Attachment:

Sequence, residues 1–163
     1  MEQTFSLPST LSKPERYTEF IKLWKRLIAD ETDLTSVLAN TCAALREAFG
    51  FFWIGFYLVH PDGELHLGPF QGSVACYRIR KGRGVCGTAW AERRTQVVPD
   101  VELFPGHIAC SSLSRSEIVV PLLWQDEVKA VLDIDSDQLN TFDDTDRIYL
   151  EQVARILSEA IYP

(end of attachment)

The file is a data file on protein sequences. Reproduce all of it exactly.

Sequence, residues 1–163
     1  MEQTFSLPST LSKPERYTEF IKLWKRLIAD ETDLTSVLAN TCAALREAFG
    51  FFWIGFYLVH PDGELHLGPF QGSVACYRIR KGRGVCGTAW AERRTQVVPD
   101  VELFPGHIAC SSLSRSEIVV PLLWQDEVKA VLDIDSDQLN TFDDTDRIYL
   151  EQVARILSEA IYP